The origins of Itri are old. The site was, in fact, inhabited since prehistoric times and later became part of the territory of the Ausoni. Only in Roman times the center acquired some importance though .
Located along the route of the Appian Way (Roman road of the fourth century BC that connected Rome to Capua, and later, to Brindisi), was an obligatory passage for whom wanted to go from Rome to the south and vacation spot for Roman patricians evidenced by the remains of buildings located over its territory.
The most significant ancient testimonies are mainly located along the Appian Way. Powerful polygonal terraces are visible in S. Gennaro as well as a wishbone old viaduct that crosses the creek below. On the Appian Way and around the area are the remains of several small rural villas, linked to small and medium-sized properties. One of the most important point is the villa near the Itri train station, characterized by a monumental arch. Other significant ruins of Roman structures are conserved in S. Donato, in S. Lorenzo, Pagnano, near the Via Civita Farnese and in Punta Cetarola. Even in Roman times, however, Itri was sparsely populated, being merely a staging post where travelers and especially horses could find some rest before continuing their journey. In the period of the decadence of the empire, Itri suffered the incursions of barbarian armies on their way along the peninsula.
Itri etymology comes probably from the Latin term "Iter" (travel) derived from its strategic location on the Via Appia. According to others by the cult of the god Mithras, as witnessed by the presence of a Mithraeum in San Giacomo. The presence of the snake on the city coat of arms comes from the legend of the city of Amyclae, whose citizens fled from the coast to the interior as a result of an invasion of snakes.
The castle was built around the eleventh century on top of a hill overlooking the Via Appia. At first the town was built around it and then has spread along the Appian Way. A third group arose in the area of Campello, but was later abandoned in the mid-fifteenth century.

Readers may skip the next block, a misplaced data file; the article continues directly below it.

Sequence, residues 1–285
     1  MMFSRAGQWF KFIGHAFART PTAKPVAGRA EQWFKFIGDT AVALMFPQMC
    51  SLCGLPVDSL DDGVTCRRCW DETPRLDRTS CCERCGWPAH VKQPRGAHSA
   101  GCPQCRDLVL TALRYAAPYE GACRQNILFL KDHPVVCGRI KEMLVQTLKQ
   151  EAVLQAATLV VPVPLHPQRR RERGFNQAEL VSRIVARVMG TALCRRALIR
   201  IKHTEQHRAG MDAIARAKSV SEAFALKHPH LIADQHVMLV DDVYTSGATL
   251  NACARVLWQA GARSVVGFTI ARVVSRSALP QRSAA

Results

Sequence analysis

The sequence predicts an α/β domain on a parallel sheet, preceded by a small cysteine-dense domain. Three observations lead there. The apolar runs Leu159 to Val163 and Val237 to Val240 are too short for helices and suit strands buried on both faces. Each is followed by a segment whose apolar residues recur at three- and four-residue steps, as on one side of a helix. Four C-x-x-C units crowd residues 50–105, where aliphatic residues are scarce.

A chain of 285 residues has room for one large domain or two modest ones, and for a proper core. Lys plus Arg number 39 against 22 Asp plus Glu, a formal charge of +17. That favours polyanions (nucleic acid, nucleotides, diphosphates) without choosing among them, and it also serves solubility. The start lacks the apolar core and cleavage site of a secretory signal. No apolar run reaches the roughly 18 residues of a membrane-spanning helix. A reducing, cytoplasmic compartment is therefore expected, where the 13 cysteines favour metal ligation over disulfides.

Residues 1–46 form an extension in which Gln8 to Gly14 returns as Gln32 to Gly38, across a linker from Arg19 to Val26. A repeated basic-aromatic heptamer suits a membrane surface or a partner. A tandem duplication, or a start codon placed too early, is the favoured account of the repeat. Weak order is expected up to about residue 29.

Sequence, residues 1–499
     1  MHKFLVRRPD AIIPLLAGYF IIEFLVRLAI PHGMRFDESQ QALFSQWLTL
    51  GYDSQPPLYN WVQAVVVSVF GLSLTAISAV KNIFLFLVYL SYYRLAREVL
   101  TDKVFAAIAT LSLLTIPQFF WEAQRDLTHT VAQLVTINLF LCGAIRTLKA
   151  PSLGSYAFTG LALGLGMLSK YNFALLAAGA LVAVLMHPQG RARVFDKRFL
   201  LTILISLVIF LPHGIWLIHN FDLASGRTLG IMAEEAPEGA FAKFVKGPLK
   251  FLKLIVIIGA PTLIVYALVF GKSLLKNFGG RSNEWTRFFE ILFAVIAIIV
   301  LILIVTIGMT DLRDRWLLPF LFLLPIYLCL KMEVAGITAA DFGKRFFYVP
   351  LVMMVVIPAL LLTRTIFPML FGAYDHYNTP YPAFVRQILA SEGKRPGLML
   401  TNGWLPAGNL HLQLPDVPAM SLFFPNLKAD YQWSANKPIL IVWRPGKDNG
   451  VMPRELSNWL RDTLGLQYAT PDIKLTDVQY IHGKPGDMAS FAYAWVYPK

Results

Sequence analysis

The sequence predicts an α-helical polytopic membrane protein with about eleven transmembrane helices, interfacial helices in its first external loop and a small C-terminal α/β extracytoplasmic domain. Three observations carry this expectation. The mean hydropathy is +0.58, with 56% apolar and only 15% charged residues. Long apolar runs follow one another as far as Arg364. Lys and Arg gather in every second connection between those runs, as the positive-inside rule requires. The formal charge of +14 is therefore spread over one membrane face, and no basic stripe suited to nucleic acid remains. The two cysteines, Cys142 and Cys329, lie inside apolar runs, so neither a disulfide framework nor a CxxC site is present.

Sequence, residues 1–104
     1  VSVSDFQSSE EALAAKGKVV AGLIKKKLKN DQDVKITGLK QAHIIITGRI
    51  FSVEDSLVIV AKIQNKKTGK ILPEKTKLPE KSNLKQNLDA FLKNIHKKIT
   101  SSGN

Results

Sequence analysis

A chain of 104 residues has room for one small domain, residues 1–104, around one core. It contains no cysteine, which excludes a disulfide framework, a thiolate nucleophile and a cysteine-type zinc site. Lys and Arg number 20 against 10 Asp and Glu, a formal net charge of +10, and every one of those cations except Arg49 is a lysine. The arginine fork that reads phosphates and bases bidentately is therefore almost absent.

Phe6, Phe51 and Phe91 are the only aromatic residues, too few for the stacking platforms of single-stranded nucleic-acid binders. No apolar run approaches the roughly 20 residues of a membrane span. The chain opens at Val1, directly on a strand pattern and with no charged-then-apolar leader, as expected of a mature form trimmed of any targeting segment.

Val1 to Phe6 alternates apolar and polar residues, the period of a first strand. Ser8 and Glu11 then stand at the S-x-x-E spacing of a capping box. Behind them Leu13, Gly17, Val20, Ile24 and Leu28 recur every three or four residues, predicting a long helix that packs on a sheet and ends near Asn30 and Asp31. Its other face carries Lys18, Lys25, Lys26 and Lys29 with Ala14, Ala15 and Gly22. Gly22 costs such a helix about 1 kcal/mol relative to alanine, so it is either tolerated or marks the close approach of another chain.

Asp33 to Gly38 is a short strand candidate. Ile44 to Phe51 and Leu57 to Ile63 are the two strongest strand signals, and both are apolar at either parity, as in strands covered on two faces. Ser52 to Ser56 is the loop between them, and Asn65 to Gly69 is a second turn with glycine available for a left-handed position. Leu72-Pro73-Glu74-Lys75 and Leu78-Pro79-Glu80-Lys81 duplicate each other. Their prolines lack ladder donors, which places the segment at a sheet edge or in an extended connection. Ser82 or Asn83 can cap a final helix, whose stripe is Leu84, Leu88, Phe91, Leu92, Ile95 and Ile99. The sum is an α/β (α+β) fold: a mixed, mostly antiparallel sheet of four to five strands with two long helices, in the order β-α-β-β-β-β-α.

The old medieval castle has been the victim of time and of the ravages of World War II. Built as a fortress to defend against enemy attacks, the castle, together with the old upper town, is surrounded by mighty walls. In the highest part it has a square and a polygon tower; a lower third cylindrical tower is connected to the main building by an impressive wall-walk. The third tower is called "the crocodile tower" because, according to tradition, the condemned were dropped down into the tower, representing a delicious meal for the ferocious beast. The entire structure is completed by a set of smaller cylindrical towers. The many elements that make up the castle often end with a crenellated walls, partially destroyed.
A landscape with a view of Itri, a road with a shepherd and his flock in the foreground (1782). HACKERT Jacob Philipp, Hackert d'Italie,
Landscape near Itri (1788). HACKERT Jacob Philipp, 1737-1807 (Germany) . Oil on canvas, 123 x 166cm.
Fra Diavolo (Michele Pezza his real name) is certainly the most famous person born in Itri. He owes its nickname to a teacher who used to call him Fra Diavolo because of his crazy temper and to the monk vestments that his mother put him when child as a vote for a grace received. It was a formidable brigand guilty of several murders who had the grace enrolling as a colonel in the army of King Ferdinand IV of Bourbon defending thus the crown, for these merits obtained the title of Duke of Cassino. In 1806 he was imprisoned by the French and hanged on November 11 in Market Square in Naples. Numerous works have been inspired by him, including the Auber opera "Fra 'Diavolo" composed in 1830 or the eponymous film starring Oliver Hardy and Stan Laurel. Just to remind this historical character was born a few years ago the Museum of the brigands of Itri.